CHICOPEE, Mass. (WWLP) – It may have looked like bridge construction, but what the Massachusetts Department of Transportation was actually doing beneath the Mass Pike in Chicopee Friday was assisting the Massachusetts Division of Fisheries and Wildlife.
They were removing Peregrine Falcon chicks from their nest underneath the Mass Turnpike bridge so they could be banded. It was a delicate operation as the baby birds’ parents circled above.
A total of four chicks were taken from the nest. The Peregrine Falcon chicks have been measured and fitted with leg bands.
“Well, banding is done because we really need to identify the individual birds so we can follow them through life how far they go from birth to breeding, how long they live, what kind of problems they encounter,” said Tom French, Assistant Director of the Massachusetts Division of Fisheries and Wildlife.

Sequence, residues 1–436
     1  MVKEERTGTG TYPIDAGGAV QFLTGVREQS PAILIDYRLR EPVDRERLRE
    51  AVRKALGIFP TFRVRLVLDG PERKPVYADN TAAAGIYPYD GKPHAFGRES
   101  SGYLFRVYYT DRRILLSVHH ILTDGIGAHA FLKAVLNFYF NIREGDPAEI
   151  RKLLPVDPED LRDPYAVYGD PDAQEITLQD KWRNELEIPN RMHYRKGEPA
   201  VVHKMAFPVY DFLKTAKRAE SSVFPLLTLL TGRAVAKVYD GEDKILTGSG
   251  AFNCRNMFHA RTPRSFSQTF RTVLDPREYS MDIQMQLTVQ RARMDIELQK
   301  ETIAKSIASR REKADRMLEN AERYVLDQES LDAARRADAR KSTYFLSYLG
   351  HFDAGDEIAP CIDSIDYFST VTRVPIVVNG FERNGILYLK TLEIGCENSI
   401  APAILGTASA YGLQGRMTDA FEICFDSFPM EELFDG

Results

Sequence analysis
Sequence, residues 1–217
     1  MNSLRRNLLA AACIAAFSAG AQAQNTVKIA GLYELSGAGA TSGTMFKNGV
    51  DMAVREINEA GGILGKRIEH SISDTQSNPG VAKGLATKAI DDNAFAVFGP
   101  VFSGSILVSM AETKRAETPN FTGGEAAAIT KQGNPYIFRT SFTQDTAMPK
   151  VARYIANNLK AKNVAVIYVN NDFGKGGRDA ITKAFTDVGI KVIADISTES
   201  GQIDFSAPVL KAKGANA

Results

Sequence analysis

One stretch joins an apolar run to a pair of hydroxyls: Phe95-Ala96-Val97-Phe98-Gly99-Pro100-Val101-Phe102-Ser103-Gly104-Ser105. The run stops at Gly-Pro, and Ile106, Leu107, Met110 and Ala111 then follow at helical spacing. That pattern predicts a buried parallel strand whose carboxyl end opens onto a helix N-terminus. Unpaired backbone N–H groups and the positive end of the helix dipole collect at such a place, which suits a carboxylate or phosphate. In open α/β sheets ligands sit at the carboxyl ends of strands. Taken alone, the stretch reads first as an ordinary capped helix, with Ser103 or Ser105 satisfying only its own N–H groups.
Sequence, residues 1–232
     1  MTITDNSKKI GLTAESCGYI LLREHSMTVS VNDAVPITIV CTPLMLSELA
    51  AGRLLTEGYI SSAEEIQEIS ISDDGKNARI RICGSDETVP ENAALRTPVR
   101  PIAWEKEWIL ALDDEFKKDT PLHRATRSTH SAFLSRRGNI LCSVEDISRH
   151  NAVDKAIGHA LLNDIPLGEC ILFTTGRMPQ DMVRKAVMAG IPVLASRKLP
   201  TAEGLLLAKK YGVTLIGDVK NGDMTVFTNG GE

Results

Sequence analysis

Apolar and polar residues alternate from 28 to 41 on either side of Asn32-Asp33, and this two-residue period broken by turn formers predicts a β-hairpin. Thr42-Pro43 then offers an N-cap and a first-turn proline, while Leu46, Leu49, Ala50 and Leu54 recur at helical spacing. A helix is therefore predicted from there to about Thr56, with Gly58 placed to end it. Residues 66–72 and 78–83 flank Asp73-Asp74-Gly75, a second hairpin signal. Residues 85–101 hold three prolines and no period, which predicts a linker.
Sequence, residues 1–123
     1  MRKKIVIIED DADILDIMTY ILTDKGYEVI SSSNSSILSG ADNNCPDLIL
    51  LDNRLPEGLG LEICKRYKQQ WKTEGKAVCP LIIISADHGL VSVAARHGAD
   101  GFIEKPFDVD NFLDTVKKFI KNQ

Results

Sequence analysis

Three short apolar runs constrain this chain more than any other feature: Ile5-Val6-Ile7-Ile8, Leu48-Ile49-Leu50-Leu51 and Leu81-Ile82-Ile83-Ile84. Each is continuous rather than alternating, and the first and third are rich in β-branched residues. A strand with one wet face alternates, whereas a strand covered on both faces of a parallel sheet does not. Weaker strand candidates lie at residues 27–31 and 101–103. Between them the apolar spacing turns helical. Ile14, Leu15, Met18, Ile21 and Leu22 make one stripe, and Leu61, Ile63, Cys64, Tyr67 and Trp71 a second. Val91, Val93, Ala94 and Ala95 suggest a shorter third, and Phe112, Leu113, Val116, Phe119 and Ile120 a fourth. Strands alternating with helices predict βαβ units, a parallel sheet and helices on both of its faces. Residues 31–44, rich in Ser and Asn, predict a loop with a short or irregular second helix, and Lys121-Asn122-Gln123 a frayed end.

French says that Peregrine Falcons completely disappeared from the state in the 1950s, and they’ve been working to restore their population since the 1980s.
“It was listed as endangered here in Massachusetts, and we’ve taken it down to threatened, and it’s really getting close to coming down even further,” French said.
Peregrine Falcons are also helpful in controlling the pigeon population. “The pigeons do tremendous damage to our bridges. They roost up under the bridges and their waste just eats away at the steel, so we put the boxes up to help Mass Fish and Wildlife, and they in turn really help with our maintenance on our bridges.” said Patrick Paul, the District Highway Director for District 2 of the MassDOT.
Once the banding was finished, the chicks were carefully brought back and once she decided it was safe, their mother returned back to the nest.